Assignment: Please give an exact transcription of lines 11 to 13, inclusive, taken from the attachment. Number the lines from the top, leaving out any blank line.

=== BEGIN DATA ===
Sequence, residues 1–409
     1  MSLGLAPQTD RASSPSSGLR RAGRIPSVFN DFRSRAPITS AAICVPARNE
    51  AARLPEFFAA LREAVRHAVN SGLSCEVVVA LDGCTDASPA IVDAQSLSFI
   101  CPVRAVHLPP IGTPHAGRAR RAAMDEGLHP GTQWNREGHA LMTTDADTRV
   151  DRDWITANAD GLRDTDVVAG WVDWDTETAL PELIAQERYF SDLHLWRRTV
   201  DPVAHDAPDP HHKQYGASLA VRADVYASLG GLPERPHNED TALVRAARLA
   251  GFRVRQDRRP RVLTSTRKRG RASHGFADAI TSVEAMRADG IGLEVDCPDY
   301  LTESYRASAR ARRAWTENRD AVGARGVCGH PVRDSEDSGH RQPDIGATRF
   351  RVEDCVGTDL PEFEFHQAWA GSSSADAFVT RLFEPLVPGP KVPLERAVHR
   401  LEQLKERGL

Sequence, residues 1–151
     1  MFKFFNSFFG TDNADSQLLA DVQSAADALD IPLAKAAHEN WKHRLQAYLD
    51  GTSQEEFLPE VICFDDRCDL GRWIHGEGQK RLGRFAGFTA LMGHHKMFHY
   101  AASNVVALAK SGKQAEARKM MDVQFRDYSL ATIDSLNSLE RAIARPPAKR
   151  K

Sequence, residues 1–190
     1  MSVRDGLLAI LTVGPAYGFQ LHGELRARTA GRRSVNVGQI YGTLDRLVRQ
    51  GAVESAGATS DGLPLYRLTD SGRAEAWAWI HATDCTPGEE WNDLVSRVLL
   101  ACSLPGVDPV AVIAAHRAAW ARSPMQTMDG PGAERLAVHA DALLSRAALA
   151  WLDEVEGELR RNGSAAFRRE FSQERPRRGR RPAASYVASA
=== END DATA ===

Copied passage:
Sequence, residues 1–151
     1  MFKFFNSFFG TDNADSQLLA DVQSAADALD IPLAKAAHEN WKHRLQAYLD
    51  GTSQEEFLPE VICFDDRCDL GRWIHGEGQK RLGRFAGFTA LMGHHKMFHY